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of the first mortgage, and the risk inherent in the second mortgage security. These witnesses were Mr. Baldwin, Mr. Burton Gottstein, who for twelve years had been actively engaged in underwriting Seattle business property for Blyth & Company, Mr. Dare, and Dr. Dowling. There was no testimony to the effect that the interest rate was excessive.

Respondents' argument that the interest rate was excessive is based upon the facts appearing from the testimony that fresh money was not advanced by the bondholders and would not have been available in 1934 on the security of this second mortgage, and that the property was valuable for the limited purpose of hospital use only.

It seems to be implied by respondents' argument that eight per cent would have been a reasonable rate to have paid for fresh money secured only by a second mortgage, if fresh money in fact had been put up in 1934. This distinction seems to us to be without merit. In either event, the vendee or the borrower owes an obligation which is fixed in terms of money. In other words, reserving the question of the identity of the bondholders and trustees, the question of reasonableness of the interest rate is exactly the same as if some individual had advanced to the association cash with which the association had purchased these assets, and had secured the lender with a second mortgage on the assets, promising to pay eight per cent for the use of the money. Granting that the property was valuable only for the limited purpose of using it for a hospital, this fact only serves to emphasize the reasonableness of the interest rate, because it reduces the value of the security, should a mortgage foreclosure sale become necessary. However, this limitation of purpose does not make the property any the less valuable to the association or to the selling corporation, as argued by

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respondents. Its value exists so long as it is being put to its primary use as a hospital. It has.been consistently so employed, and, so far as the record shows, there is no present intention to ever devote it to any other purpose.

Our conclusion as to the first of respondents' two theories is that the payment of principal and interest to the holders of the second mortgage bonds is not a device by which the net earnings of the association inure to the benefit of private individuals, so as to deprive appellant of its exemption under the statute.

In support of this conclusion, and as bearing upon the good faith of the organizers of appellant and the absence of their intent to profit by substituting interest on bonds for dividends on stock, it should be observed that, in actual operation, the organizers of appellant have, in effect, canceled most, if not all, of the bond interest payments to which they were entitled up to this time. Their conduct completely negates any claim that they have perpetuated their rights to profits by means of these second mortgage bonds. The controlling group held some $100,000 of the second mortgage bond issue of $132,000. The annual interest received by this group since 1936 is about $8,000. This same group waived the trustees' annual salary of $5,000, which they had formerly received for the same administrative services from the Virginia Mason Hospital, Inc. They made an annual cash gift to the hospital of $2,400 to pay the hospital's share of the manager's salary, and they paid an annual rental increase for the clinic space of $2,400. The rent was increased according to an independent appraisal, and therefore cannot be treated as a gift, because the clinic receives full value. But the other two items, totalling $7,400 annually, are a direct financial detriment, voluntarily incurred by the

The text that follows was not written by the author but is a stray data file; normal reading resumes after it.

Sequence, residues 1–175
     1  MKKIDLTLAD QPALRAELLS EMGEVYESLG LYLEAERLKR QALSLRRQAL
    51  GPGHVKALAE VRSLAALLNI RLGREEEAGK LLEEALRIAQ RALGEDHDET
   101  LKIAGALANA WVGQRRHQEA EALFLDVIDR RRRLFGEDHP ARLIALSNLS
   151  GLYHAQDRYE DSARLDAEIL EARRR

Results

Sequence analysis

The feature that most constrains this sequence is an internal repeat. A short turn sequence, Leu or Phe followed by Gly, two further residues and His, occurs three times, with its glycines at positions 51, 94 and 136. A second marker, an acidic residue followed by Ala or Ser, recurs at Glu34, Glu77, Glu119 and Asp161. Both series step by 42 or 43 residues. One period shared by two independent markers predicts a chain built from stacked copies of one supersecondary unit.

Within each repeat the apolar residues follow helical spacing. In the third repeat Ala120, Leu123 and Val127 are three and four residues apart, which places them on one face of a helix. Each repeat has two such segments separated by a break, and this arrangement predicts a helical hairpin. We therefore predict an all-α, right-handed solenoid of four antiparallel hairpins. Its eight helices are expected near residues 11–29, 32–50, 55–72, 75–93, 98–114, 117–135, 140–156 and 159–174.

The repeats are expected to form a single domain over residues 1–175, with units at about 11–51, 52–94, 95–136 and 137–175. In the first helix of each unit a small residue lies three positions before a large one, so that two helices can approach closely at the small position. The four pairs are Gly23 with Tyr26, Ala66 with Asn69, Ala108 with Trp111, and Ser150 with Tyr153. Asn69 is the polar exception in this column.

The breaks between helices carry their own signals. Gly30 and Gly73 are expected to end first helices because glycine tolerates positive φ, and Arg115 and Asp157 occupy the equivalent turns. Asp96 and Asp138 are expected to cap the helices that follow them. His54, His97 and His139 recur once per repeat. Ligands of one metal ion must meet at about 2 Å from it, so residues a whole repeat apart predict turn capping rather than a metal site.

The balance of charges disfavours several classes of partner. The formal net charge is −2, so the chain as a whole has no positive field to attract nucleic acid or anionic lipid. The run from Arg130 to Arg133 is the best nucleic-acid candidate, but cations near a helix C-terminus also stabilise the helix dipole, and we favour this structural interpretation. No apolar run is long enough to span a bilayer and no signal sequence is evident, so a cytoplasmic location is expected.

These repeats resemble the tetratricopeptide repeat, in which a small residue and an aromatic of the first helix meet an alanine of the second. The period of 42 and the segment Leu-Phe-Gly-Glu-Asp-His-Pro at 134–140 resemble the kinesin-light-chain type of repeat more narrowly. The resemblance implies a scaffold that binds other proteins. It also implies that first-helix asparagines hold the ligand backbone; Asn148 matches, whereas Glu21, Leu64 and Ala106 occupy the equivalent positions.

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controlling group when appellant was brought into being.

Considering the $8,000 annual interest income in relation to the $7,400 voluntarily assumed annual detriment, it is difficult to see how bad faith can be imputed to this controlling group because of the part they played in organizing appellant. Nor do we think this conduct can be squared with the contention that payment of the annual bond interest actually perpetuates payment of dividends to the former owner. From the standpoint of the hospital, the net actual expense for the use of this $100,000 has been only about $600 per annum.

[6] Concerning the second of respondents' theories, the appeal examiner concluded, as to the interrelation of personnel and activities, that